The glycolysis process includes 10 steps. Among them 7 are reversible and three steps are irreversible.
What are the three irreversible steps of glycolysis
The three irreversible steps are the 1st, 3rd, and 10th steps.
01: Phosphorylation of glucose :
In the first step of the glycolysis process, D-glucose is turned into glucose-6-phosphate using ATP as a phosphate donor in the reaction. Here, glucose is phosphorylated in the process of glycolysis. Phosphorylation is the process through which a phosphate group is added to a molecule which is derived from ATP. Hexokinase requires Mg or any other metal ions from its activity, just like all other kinases. Atoms of Mg^2+ helps to shield the negative charges produced from the phosphate groups from the ATP molecule.
In the reaction of phosphorylation, ATP turns into ADP with the help of an enzyme which is known as “hexokinase”. It works in many eukaryotic cells and prokaryotic cells, and an additional enzyme “glucokinase” found in the liver is also involved in this reaction. The function of glucokinase is to remove glucose from the blood, to store glucose as glycogen in the liver for further purposes to be used in the process.
“Hexokinase” is an enzyme that catalyzes different ring structures like glucose 6 carbon. In the presence of this particular enzyme, the reaction is proceeded and facilitated in the required way. In the reaction, energy loss is happening in the form of heat.
Thus, glucose-6-phosphate is formed in the process. Glucose-6-phosphate is an important component of the junction of many metabolic pathways.
03: Phosphorylation of fructose 6-phosphate :
This step is considered as the committed step in the process of glycolysis due to its reaction and it’s a contribution to metabolism rather than storing glucose and then transforming it into any other compound. The produced product in the above step, fructose-6-phosphate, again goes through reaction to transform itself into fructose 1,6-biphosphate. Here, phosphofructokinase (one of the complex known enzyme) helps to change it with co-factor magnesium. This reaction is irreversible in various cellular conditions.
This step is very much similar to the first step where ATP is turned into ADP and Phospholyration is involved too. Here, a phosphate group is added to the carbon. Like, in step 1, magnesium is involved to shield negative charges. That, helps the compound to change from fructose-6-phosphate to fructose 1,6-biphosphate. An enzyme, named “photofructokinases” catalyzes the reaction to facilitate its activities. The reaction that the enzyme facilitates is irreversible. The mechanism of the enzyme photofructokinases accelerates when the cell lacks ATP. And, the mechanism decelerates when there is excess/enough ATP. Thus the affinity of the enzyme is lowered for the process. This is a more important reaction since it helps in metabolism rather than storing or converting glucose into another form.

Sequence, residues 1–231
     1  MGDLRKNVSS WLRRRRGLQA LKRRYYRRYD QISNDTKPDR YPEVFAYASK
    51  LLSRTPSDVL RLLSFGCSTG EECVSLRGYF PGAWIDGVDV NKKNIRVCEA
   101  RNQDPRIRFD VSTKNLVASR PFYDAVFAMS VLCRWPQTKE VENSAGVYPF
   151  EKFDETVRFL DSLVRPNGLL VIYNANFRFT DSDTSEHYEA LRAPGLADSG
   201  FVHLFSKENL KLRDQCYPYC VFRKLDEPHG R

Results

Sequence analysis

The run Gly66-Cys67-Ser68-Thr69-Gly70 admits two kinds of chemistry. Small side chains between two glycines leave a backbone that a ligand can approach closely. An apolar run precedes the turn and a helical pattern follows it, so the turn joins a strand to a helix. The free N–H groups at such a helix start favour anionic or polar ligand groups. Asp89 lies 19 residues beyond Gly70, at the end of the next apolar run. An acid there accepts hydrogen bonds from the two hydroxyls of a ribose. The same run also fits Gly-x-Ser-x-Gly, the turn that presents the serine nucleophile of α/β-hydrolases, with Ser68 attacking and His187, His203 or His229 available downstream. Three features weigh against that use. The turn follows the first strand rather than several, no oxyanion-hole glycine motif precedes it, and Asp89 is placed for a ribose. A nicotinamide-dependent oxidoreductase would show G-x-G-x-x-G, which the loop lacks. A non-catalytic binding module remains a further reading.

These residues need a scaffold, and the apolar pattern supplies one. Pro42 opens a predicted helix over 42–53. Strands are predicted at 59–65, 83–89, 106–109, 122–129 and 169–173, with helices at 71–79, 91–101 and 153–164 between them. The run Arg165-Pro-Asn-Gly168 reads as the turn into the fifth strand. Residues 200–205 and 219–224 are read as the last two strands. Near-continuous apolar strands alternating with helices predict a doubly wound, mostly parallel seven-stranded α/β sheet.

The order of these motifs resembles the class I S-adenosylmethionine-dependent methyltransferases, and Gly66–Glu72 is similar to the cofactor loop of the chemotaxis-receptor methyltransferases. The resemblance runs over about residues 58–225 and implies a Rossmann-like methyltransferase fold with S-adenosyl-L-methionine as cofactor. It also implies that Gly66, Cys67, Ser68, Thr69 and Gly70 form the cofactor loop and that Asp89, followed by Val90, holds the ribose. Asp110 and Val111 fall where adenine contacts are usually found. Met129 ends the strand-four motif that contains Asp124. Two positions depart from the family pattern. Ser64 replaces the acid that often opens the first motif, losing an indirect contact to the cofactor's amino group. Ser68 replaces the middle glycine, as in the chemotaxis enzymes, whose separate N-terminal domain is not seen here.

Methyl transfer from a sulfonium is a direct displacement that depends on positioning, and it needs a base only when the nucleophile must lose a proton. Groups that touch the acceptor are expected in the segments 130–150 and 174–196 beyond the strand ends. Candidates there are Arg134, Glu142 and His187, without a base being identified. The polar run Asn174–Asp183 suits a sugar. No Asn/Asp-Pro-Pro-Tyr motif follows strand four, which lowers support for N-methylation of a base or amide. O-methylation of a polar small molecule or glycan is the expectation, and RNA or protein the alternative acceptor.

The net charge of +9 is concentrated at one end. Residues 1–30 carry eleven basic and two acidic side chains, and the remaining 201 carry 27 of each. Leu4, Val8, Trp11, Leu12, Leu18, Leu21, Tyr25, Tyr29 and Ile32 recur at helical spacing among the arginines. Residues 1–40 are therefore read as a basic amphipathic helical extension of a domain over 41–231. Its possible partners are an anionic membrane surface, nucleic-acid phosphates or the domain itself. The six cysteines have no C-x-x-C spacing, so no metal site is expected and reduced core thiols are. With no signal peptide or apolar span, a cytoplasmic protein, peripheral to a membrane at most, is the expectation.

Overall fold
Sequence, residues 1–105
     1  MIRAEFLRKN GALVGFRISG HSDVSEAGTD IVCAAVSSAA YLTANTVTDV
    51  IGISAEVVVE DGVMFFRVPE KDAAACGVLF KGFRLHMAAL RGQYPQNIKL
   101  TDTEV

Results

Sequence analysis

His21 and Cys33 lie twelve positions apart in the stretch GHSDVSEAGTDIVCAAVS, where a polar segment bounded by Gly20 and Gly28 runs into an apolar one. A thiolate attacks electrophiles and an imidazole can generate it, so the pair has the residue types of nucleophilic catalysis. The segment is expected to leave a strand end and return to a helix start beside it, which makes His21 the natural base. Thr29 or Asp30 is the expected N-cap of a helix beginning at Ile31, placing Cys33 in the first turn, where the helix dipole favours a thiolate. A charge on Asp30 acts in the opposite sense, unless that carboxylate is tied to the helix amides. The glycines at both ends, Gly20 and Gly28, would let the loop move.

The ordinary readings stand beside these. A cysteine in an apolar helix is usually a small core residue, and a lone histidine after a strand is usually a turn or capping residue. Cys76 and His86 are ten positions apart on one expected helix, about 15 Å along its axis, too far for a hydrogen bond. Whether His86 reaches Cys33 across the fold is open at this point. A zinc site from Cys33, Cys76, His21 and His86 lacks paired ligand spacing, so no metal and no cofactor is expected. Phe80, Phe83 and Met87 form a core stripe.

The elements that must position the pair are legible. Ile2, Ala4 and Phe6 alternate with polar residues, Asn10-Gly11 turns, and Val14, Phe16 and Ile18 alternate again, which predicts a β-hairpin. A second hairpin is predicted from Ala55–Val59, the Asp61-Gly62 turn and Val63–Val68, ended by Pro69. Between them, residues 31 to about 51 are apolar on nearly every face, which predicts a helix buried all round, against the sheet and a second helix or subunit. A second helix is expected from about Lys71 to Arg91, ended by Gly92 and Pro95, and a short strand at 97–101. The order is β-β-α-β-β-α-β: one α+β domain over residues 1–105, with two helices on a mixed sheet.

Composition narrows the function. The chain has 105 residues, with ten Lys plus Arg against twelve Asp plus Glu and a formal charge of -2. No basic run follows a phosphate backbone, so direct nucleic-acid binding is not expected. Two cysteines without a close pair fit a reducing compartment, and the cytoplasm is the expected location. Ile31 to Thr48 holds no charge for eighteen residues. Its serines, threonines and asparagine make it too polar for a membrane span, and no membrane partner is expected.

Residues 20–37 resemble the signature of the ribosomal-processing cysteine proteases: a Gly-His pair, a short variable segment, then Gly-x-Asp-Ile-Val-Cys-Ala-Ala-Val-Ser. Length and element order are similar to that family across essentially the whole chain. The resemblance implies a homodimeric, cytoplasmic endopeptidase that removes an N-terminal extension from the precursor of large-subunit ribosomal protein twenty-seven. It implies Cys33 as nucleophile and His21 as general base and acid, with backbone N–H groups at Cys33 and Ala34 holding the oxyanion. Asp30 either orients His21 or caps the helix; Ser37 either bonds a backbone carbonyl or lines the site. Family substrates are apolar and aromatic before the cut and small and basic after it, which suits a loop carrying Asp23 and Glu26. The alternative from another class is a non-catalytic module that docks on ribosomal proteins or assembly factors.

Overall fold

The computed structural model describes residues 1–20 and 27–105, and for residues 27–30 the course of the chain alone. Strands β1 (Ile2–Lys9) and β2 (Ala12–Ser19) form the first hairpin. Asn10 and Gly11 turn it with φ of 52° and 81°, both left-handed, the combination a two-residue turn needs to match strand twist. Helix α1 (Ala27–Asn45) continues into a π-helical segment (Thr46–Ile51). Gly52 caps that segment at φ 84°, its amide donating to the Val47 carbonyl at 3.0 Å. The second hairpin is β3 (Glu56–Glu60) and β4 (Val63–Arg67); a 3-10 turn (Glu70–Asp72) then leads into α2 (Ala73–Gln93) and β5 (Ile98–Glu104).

10: Transfer of phosphate from PEP to ADP :
This is the last step of glycolysis. In this process, ATP is regenerated, just like step 7. In this step and the reaction, Phosphoenolpyruvate is turned or converted into pyruvate, the required product. The reaction is facilitated with the help of an enzyme which is known as pyruvate kinase. This is one of the physiologically irreversible reactions in the process of glycolysis.
In the first step of this reaction, Phosphoenolpyruvate reacts with ADP in presence of catalysts like pyruvate kinase and it’s co-factor Magnesium (a metal ion) and thus the reaction produces the final product known as pyruvate and ATP.
The reaction proceeds when enol pyruvate changes its arrangement at a quick pace and thus takes a new form. The new form is known as ketopyruvate. The pyruvate at first comes in the enol form then, after the reaction, it transforms itself into keto form.
The reaction stands, Phosphoenolpyruvate in addition to ADP and also hydrogen, in presence of pyruvate kinase and metal ions like Mg, Zn, etc produces the required product ketopyruvate. Here, ADP is transformed and converted into ATP. The reaction that is facilitated above is just another example of the substrate-level phosphorylation of glycolysis. This is the transfer of Phosphoryl group from Phosphoenolpyruvate to ADP.
Pyruvate kinase, the enzyme, can be of three major different forms; M, L and A type which can be found on different parts of the body of different organisms. These come in a lot of help in different ways in the process of glycolysis. The reaction produces a lot of free energy which is released as heat later.
Now in aerobic glycolysis, Oxidation happens when pyruvate goes to the citric acid cycle.
Whereas, when in anaerobic glycolysis, lactate dehydrogenase converts pyruvate to lactate.
10 steps of glycolysis where three steps are irreversible:
See the figure to have a clear understanding or you can read the following article.
Fig: 10 steps of glycolysis.
Irreversible steps 1, 3, and 10 are indicated in the yellow color arrow.